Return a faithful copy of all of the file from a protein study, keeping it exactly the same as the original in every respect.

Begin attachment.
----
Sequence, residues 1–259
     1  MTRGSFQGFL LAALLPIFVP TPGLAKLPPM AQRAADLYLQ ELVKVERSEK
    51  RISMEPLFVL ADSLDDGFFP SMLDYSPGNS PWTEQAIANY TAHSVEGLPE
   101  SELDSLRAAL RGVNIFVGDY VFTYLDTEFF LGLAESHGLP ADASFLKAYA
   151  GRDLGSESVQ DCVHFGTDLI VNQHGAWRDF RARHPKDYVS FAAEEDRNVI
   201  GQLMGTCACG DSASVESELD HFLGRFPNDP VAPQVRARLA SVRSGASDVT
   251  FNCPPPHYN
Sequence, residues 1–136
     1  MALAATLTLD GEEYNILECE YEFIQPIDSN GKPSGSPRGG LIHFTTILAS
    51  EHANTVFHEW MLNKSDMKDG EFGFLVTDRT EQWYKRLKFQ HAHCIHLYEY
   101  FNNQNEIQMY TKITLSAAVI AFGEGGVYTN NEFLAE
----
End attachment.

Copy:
Sequence, residues 1–259
     1  MTRGSFQGFL LAALLPIFVP TPGLAKLPPM AQRAADLYLQ ELVKVERSEK
    51  RISMEPLFVL ADSLDDGFFP SMLDYSPGNS PWTEQAIANY TAHSVEGLPE
   101  SELDSLRAAL RGVNIFVGDY VFTYLDTEFF LGLAESHGLP ADASFLKAYA
   151  GRDLGSESVQ DCVHFGTDLI VNQHGAWRDF RARHPKDYVS FAAEEDRNVI
   201  GQLMGTCACG DSASVESELD HFLGRFPNDP VAPQVRARLA SVRSGASDVT
   251  FNCPPPHYN
Sequence, residues 1–136
     1  MALAATLTLD GEEYNILECE YEFIQPIDSN GKPSGSPRGG LIHFTTILAS
    51  EHANTVFHEW MLNKSDMKDG EFGFLVTDRT EQWYKRLKFQ HAHCIHLYEY
   101  FNNQNEIQMY TKITLSAAVI AFGEGGVYTN NEFLAE